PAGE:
Library

I think that the purpose of the Library is to allow you to use your iPhone’s camera to take photos of a BuJo® page, give the Bullet Journal app permission to use the photo, and then associate it with a specific journal, date range and one or more tags to create a digital index of sorts. The search function appears limited to tags, rather than actual contents. I suspect that there are plans to allow OCR or some better ways of locating data than tags; as it stands it’s not terrible useful, and it’s certainly not innovative (see for example EverNote or Moleskine notebooks and app or Baron Fig notebooks and Codex.app.

Articles

Most of the articles appear to be also available on the official BulletJournal Website, though I admit I can’t find the one on Reflection on the site. The articles are a useful resource, especially for those getting started.

Guide

The Pocket Guide is a version of the step by step setup guide Carroll wrote for his Website. It goes through the basics of creating your first bullet journal with a blank notebook. It’s quite useful in that respect, and much easier than trying to look at a Web site while you work. I would absolutely have found it helpful when I set up my bullet journal. It’s updated, by the way, when the app updates, but the content is local to your phone, which means you can use it without being connected to the ‘net.

 Store

This appears to be an overview of the Official Bullet Journal notebook, also sold from the Website, but it doesn’t appear to be an actual store in terms of being able to buy one from your iPhone.

The Guide has merit for those starting out, but not $2.99 worth. The free .pdf Starter Guide you can download when you subscribe to the Bullet Journal Newsletter is, in my mind, more helpful. I’m not outraged at spending $2.99, but the Bullet Journal Companion app strikea me as somewhat useless; it’s not going to stay on my phone.

Adding Week Numbers to Apple’s iCal

It is often helpful to know what week, out of the possible 52 weeks in a calendar year, a particular week is. Here’s how to tell Apple’s.app Calendar to show week numbers.
 

  1. Open Calendar.app(or iCal on earlier versions of macOS) on your Mac.
  2. Choose Preferences from the Calendar menu.
  3. Click Advanced in the Toolbar.
  4. Click the box to the left of Show week numbers.
  5. Close the window.
Advanced tab of the Preferences for Calendar.app on macOS

Now look at your Calendar. You’ll see gray week numbers along the left margin of your Calendar.

macOS Calendar with week numbers.

To display week numbers in Google’s Calendar see this post.

Adding Week Numbers to Google Calendar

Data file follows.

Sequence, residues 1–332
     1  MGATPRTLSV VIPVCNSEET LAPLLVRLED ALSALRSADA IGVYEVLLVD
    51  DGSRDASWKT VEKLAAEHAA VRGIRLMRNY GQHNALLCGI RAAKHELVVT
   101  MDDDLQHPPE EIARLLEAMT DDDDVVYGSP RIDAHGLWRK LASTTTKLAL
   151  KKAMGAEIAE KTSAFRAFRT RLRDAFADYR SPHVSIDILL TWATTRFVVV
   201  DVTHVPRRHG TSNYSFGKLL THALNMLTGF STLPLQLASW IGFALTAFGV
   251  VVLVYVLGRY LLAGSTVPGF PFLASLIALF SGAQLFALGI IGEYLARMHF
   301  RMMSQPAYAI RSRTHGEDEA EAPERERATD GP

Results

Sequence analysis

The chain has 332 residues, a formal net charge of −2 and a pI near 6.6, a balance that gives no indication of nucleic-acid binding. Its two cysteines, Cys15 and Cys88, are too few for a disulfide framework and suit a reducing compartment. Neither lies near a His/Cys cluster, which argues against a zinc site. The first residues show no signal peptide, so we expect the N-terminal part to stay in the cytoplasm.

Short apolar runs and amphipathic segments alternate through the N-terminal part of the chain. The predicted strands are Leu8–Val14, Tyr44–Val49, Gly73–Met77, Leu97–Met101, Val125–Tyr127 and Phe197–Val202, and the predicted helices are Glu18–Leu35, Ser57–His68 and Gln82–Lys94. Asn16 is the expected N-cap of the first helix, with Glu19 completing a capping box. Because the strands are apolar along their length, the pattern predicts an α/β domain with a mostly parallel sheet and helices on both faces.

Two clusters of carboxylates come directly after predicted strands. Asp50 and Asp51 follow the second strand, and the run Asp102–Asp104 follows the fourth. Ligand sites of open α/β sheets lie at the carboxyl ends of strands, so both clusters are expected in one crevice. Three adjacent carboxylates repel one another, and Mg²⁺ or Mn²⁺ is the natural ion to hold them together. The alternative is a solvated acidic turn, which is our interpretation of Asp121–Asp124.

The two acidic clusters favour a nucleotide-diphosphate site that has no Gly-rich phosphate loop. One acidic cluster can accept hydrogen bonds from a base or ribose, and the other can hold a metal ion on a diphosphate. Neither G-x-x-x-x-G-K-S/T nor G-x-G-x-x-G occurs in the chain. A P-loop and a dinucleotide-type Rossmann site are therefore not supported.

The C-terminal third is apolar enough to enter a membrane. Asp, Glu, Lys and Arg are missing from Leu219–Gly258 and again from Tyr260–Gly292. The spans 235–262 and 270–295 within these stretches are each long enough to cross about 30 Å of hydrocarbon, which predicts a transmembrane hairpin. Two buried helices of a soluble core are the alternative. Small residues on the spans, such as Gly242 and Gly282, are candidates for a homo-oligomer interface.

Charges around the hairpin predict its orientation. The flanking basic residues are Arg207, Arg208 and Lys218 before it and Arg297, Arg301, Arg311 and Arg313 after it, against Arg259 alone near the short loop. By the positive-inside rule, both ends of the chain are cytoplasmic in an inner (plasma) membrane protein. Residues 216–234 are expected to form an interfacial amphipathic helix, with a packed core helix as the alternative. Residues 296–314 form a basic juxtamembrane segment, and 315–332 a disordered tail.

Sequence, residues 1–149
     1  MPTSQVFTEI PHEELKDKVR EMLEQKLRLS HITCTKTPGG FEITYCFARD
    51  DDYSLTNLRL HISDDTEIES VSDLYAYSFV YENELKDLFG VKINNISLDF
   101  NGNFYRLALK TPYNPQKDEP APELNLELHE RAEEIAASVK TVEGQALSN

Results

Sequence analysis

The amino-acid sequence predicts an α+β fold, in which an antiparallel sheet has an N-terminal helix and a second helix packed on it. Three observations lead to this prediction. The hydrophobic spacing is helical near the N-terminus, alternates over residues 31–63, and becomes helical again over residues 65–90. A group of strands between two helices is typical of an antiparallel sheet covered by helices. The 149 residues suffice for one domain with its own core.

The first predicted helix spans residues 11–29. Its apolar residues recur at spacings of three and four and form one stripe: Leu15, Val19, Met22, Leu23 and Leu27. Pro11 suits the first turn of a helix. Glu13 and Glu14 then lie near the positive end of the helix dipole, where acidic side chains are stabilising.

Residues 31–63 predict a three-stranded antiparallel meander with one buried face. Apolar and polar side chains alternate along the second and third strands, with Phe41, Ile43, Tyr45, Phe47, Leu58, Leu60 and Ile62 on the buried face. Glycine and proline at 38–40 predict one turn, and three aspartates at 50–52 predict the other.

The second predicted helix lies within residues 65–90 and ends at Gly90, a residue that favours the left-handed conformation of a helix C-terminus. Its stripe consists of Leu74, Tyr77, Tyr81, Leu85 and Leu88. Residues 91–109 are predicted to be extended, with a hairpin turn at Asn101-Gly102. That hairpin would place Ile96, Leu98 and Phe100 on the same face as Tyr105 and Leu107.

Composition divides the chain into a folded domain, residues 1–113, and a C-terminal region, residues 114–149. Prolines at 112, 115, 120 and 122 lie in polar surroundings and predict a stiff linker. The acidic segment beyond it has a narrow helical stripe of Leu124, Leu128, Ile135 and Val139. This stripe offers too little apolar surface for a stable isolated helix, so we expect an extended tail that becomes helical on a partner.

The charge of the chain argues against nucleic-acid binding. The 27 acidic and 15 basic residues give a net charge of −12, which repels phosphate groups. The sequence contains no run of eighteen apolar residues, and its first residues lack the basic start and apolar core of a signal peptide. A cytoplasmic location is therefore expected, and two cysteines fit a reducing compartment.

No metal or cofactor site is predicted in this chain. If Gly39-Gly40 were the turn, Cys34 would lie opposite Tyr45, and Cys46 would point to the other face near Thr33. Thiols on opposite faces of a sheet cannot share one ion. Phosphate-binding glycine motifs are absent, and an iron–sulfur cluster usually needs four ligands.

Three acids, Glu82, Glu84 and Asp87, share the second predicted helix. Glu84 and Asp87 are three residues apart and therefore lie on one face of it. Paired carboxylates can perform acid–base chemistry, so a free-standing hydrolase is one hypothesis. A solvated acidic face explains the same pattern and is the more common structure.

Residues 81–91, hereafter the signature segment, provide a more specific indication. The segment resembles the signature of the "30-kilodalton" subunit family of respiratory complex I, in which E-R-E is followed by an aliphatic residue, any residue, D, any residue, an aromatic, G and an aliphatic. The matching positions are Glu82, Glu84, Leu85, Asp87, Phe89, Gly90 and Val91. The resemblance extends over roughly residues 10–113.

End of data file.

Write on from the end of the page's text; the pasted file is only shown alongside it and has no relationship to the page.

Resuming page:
It is often helpful to know what week, out of the possible 52 weeks in a calendar year, a particular week is. Here’s how to tell Google Calendar to show week numbers.

  1. Log on to your Google Calendar
  2. In the sidebar to the left, click the pop-up menu for Other calendars.
  3. Select Browse Interesting Calendars from the pop-up menu.
  4. On the top of the Interesting Calendars page, click More.
  5. Click Subscribe to the right of Week Numbers.
  6. Click the Back to Calendar link to see your calendar, now with small blue week numbers in the top right corner of every Monday, next to the time setting at the top of the calendar.
The arrow points to the week number. This is week 16.

To add week numbers in macOS / OS X’s iCal, see this post.

Spark by Ergodriven: A Better Way to Test A Standing Desk

When I first started experimenting with a standing desk, to see if it would work for me personally, I used odds and ends of household furniture two create two setups for test-driving standing desks.

But the Spark by Ergodriven is a much better option. It’s a flat-packed sturdy cardboard temporary lift, meant to be placed on an extant table or desk and thereby convert the furniture you already have to a standing desk. The Spark comes in threes sizes, allowing you to choose a desk suited to your height. It’s made out of surprisingly sturdy corrugated cardboard, and it’s pretty easy to assemble.

It’s also dirt cheap. Small Sparks for people under 5′ 4” or Medium Sparks for people 5′ 4” to 5′ 11 are $20.00 from Amazon; Large for people over 5′ 11” are $25.00. And because it’s flat-packed, it strikes me as something to consider if you do a lot of consulting that involves working from hotel rooms. You could have Amazon ship the Ergo Spark to your hotel, or stash it in your luggage and assemble it there. Most hotel rooms have a desk or table, and you can use the Ergo Spark to allow you to adjust your position from cramped and hunched, to standing.